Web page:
This past weekend I had the opportunity to attend the inaugural Business of Writing International Summit. They were presenting three different tracks of training sessions for writers; Self Publishing, Book Marketing, and eBooks & Social Media. While the talks were very informational, what I enjoyed even more were the people I met. I only wish I could have talked to more attendees, presenters and exhibitors.
At the request of Andrea Gardner, author of Change Your Words, Change Your World, I joined her in Louisville, Kentucky for her appearances. As the keynote speaker, she got some press in the days leading up to the summit. She did some interviews and we both thoroughly enjoyed the hospitality in Kentucky.
Larry DeKay and Peggy DeKay were the driving force behind the summit. I had a chance to see a bit of the behind the scenes work that goes on during a large event like this. All I can say is, WOW! It takes a special person or group of people to pull something like this off. Hats off to Larry and Peggy!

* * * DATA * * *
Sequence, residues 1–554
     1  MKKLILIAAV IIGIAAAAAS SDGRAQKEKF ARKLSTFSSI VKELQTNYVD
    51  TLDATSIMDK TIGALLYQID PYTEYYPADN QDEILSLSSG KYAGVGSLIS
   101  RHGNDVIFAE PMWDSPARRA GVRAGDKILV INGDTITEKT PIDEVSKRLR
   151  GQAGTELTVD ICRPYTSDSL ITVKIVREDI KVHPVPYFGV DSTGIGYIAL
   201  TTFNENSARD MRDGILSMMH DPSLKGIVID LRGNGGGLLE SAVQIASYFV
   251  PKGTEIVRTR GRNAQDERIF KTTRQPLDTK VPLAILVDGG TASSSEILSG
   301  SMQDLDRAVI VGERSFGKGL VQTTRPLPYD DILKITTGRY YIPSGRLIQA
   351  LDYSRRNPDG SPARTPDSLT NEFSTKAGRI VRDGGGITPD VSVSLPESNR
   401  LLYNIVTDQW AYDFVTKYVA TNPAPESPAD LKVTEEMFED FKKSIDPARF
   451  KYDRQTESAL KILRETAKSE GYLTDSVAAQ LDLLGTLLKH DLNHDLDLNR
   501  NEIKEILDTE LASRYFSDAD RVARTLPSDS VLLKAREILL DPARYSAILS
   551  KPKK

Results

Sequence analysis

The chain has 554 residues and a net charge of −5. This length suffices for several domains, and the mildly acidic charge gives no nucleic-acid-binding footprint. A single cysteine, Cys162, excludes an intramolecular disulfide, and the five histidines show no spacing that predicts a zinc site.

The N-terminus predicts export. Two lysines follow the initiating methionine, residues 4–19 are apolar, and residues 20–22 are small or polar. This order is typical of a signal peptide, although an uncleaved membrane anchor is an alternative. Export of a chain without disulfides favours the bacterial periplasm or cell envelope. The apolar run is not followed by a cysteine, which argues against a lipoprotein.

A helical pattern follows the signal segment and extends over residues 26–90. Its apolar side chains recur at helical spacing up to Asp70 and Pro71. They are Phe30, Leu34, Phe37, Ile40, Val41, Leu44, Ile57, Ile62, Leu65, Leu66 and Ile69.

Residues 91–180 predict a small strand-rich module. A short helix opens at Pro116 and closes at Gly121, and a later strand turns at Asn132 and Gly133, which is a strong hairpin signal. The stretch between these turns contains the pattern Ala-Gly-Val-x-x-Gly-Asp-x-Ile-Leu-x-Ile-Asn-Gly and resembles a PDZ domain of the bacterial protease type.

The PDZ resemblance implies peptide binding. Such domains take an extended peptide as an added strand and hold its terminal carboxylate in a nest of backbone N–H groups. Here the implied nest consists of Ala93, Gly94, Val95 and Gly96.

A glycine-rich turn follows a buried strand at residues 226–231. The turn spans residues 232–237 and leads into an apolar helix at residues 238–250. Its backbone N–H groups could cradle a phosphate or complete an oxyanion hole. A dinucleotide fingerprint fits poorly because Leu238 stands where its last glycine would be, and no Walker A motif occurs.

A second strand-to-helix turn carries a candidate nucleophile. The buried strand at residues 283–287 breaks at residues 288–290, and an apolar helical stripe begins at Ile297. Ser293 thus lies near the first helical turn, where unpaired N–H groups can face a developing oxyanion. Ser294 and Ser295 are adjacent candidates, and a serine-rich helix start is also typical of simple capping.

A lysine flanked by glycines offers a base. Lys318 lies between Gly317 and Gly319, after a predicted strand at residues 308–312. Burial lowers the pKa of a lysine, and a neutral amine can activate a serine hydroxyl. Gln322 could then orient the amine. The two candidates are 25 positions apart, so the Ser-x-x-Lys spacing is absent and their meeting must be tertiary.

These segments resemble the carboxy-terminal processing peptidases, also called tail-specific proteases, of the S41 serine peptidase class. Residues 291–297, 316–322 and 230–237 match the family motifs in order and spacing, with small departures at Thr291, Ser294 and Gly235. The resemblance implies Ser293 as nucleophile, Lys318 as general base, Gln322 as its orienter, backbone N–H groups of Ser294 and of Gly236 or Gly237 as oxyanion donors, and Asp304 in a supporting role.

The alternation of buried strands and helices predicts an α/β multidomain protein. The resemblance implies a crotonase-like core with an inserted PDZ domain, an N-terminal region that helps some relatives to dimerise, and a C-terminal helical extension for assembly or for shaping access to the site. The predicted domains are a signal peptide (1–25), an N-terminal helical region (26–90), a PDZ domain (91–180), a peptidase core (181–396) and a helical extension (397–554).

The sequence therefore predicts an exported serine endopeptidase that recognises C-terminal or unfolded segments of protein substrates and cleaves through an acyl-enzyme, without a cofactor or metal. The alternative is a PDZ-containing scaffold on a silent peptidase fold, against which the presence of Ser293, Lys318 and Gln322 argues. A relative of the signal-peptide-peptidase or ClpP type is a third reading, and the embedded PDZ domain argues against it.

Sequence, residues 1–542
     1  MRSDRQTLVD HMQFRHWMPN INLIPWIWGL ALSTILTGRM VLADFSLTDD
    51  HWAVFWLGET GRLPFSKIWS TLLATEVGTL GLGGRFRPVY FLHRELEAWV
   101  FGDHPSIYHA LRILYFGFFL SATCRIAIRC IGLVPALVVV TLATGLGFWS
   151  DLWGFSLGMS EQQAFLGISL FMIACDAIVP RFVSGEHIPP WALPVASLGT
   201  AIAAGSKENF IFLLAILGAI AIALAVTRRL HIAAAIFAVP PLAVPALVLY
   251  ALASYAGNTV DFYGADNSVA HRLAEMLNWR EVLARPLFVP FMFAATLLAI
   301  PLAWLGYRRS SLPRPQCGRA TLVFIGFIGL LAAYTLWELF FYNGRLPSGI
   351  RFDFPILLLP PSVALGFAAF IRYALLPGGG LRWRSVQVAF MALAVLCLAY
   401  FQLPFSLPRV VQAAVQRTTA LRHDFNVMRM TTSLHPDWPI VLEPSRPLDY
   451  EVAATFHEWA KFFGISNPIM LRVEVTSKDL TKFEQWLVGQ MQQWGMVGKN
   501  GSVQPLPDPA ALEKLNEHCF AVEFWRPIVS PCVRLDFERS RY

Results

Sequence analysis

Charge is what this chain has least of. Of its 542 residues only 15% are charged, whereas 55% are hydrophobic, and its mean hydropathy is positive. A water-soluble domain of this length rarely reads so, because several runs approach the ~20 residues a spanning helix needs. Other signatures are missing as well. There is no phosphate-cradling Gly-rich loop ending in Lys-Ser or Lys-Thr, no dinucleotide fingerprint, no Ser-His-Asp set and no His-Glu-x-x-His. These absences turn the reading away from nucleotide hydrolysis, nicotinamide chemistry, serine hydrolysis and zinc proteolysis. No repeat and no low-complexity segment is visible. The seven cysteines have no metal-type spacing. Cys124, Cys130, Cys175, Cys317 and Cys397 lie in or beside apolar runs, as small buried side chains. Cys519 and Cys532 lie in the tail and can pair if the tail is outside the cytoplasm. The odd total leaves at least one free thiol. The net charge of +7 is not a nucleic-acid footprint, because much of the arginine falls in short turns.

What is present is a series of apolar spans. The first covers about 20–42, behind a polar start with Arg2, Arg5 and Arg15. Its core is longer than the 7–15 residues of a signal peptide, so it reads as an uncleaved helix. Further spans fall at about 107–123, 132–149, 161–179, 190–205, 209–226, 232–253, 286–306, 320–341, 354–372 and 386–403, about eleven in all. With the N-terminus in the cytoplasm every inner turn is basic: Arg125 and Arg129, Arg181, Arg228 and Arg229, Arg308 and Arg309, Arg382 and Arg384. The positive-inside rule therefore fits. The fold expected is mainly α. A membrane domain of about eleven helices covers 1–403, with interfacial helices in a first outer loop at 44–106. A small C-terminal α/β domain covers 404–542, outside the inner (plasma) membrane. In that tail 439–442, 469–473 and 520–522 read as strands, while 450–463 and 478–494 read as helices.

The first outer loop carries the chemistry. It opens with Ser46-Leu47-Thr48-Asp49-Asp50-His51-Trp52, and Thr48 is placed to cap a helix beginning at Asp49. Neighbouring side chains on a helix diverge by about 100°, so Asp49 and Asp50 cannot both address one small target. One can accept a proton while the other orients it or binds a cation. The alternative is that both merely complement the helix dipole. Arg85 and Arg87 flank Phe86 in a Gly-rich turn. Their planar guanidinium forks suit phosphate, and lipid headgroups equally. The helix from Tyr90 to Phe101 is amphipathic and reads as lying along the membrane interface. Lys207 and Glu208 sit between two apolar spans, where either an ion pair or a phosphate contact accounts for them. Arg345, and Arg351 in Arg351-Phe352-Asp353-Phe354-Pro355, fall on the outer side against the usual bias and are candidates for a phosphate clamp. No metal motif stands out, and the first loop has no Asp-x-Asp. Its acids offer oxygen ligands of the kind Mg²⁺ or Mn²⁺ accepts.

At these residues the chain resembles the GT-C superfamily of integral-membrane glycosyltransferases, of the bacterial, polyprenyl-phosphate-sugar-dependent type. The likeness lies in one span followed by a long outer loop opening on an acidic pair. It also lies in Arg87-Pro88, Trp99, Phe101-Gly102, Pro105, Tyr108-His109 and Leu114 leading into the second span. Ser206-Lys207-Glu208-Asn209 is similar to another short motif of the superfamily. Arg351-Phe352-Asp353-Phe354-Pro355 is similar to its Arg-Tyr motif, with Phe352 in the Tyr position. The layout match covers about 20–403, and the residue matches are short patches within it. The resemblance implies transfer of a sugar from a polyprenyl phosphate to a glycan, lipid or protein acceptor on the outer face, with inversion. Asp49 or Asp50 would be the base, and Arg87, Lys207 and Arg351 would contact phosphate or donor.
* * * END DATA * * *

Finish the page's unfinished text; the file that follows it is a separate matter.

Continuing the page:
Connie Williams and Sheila Tidwell are amazing women who I had the pleasure to meet. I was unfamiliar with their work up until this event. Connie’s book Thinking Consciously Rocks! is on my nightstand right now to read. Together Connie and Sheila are property investment pros. I’ve started listening to their podcast Connie and Sheila Talk and I love it! Their personality on the show is exactly how they are in real life. They are two very authentic people. So glad I had the chance to spend some time to get to know them both.
I first had the chance to meet Rik Feeney on Friday. This guy has some incredible advice. He sure knows his stuff in writing and publishing. What really got my attention were his promotion ideas and how to earn a very enjoyable living as a writer and speaker. I’m looking forward to checking out his book Writing Books for Fun, Fame & Fortune! very soon.